Half Of Goldman's Ultra Wealthy Clients Will Be Adding Crypto To Their Portfolio

Half Of Goldman’s Ultra Wealthy Clients Will Be Adding Crypto To Their Portfolio

A recent analysis by CapGemini found that there are now a record 21 million millionaires in the world who hold a total $80 trillion in wealth among them. The number of millionaires grew by 7.6% in just the last year alone, despite – or rather thanks to – the coronavirus pandemic.

Some have said that if each of these high net worth individuals were to buy and hold just one bitcoin, there would be no more bitcoins in circulation. Of course, that can’t possibly happen: we know that a handful of whale hold the vast majority of bitcoins. So much so that according to JPMorgan just 5% of the roughly 18.7 million bitcoin currently in circulation have actually changed hands in the past year, meaning that millions of bitcoin are held by a handful of accounts.

Naturally, we don’t expect every millionaire in the world to want to own bitcoin… but many of those who don’t currently will want some exposure. That’s what Goldman Sachs found recently when a survey among its family office clients (read very reach clients) want to add digital currencies to their stable of investments.

Goldman found that just 15% of of the respondents in the survey — which polled more than 150 family offices worldwide — are already invested in cryptocurrencies (which is almost identical to how many Americans in total own crypto according to a recent survey released from Gemini.) But what is remarkable is that another 45% would be interested in diving into the space as a hedge for “higher inflation, prolonged low rates, and other macroeconomic developments following a year of unprecedented global monetary and fiscal stimulus.”

Unlike hedge funds, family offices which manage the net worth of single individuals and/or their closest friends and family, are unregulated and have no obligations to diclose their holdings, something which Credit Suisse and Nomura learned the very hard way after the Archegos collapse. It also shows that while many hedge funds are loathe to admit they have an interest in buying cryptos – perhaps due to fears of spooking some of their more conservative LPs – family funds have no such qualms and are preparing to unleash a buying wave the likes of which the world has never before seen and will eclipse any retail buying interest observed in the past.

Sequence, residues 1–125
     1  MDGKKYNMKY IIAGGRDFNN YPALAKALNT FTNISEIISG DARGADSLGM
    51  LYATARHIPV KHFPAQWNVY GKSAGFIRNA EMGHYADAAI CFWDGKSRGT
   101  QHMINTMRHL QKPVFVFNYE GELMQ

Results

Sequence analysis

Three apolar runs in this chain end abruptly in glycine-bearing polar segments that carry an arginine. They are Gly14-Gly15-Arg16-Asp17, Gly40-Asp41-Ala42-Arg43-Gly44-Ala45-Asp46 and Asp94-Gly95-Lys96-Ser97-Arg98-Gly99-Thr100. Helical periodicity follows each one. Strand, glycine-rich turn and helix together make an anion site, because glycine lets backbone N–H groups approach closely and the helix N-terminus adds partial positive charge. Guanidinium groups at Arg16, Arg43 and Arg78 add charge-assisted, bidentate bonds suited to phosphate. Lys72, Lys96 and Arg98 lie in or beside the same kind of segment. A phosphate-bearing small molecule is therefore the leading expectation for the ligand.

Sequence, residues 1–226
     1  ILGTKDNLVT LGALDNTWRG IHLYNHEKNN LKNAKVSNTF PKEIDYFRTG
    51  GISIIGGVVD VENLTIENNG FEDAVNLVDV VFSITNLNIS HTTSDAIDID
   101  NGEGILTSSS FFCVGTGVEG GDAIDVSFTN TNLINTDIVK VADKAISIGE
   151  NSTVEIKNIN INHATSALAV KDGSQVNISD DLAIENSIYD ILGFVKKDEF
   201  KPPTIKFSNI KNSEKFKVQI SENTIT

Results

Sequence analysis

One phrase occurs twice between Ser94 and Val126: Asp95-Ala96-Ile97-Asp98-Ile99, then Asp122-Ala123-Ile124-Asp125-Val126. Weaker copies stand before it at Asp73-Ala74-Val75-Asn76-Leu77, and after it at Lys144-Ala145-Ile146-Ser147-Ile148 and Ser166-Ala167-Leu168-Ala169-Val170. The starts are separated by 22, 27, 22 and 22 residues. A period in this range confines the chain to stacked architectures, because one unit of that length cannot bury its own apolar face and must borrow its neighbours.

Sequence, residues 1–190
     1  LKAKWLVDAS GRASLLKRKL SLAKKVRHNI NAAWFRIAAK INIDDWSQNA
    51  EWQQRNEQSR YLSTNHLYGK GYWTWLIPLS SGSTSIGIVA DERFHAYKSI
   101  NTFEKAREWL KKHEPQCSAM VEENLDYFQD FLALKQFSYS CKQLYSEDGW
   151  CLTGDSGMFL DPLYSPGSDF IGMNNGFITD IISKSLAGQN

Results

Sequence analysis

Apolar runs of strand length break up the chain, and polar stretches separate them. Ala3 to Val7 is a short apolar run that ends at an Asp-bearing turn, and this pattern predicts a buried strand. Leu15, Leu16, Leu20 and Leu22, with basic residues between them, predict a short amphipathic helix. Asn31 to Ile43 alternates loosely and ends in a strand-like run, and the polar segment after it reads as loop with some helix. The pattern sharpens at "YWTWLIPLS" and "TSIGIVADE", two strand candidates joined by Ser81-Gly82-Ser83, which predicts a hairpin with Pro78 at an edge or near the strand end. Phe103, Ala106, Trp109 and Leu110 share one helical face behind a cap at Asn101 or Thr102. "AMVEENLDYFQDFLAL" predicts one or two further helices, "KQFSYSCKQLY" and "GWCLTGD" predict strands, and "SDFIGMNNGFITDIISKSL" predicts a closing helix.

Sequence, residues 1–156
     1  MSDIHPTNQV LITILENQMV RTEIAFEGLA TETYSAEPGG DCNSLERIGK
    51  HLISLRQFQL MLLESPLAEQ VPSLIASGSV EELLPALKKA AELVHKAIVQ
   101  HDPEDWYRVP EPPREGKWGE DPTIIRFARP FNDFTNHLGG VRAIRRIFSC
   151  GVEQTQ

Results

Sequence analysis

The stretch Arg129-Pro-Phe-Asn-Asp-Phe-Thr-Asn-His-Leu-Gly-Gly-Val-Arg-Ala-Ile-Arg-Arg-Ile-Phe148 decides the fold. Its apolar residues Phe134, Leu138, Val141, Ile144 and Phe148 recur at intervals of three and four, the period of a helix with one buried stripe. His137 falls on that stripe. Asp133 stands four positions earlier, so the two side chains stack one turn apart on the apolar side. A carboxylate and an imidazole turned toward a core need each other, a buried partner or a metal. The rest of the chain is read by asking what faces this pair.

And yes: we are talking size – of the firms that participated in the survey, 22% had assets under management of $5 billion or more, and 45% oversaw $1 billion to $4.9 billion. In other words, two-thirds of family offices manage more than $1 billion and if just a half of these funds allocated a few basis points to bitcoin and ethereum which would amount to hundreds of billions in new capital… well, the sky’s the limit.

According to Bloomberg, respondents in the survey also indicated interest investing in the “digital asset ecosystem.” The majority of families want to talk to us “about blockchain and digital ledger technology,” said Goldman’s Meena Flynn, who helps lead private wealth management for the vampire squid which has been aggressively growing into the bitcoin space. There are many who think that “this technology is going to be as impactful as the internet has been from an efficiency and productivity perspective.”

In other words, they are not only richer but far smarter than Paul Krugman, who of course hates bitcoin, calling it a “natural ponzi scheme.

Family offices have proliferated this century, partly due to the boom in tech billionaires. According to Bloomberg, more than 10,000 family offices globally manage the wealth of a single family, with at least half having started this century, according to EY. A 2019 estimate by researcher Campden Wealth valued family office assets at almost $6 trillion globally, larger than the entire hedge fund industry.

The firms vary markedly in size. Some manage hundreds of millions of dollars, while others oversee the fortunes of multi-billionaires such as Sergey Brin and Jeff Bezos. Many choose obscure names to operate out of the public eye. Alphabet Inc. founder Brin’s family office, Bayshore Global Management, gets its name from the location of the company’s headquarters. Charles and David Koch named theirs after the year their grandfather emigrated to America: 1888.

They’ve also surged in number across Asia following booming fortunes of the region’s ultra-wealthy, with China’s Jack Ma and real estate billionaire Wu Yajun both establishing their own family offices in the past decade. Meantime, members of the ultra-wealthy based outside Asia including Bridgewater Associates founder Ray Dalio are increasingly setting up branches of their family offices in the area.

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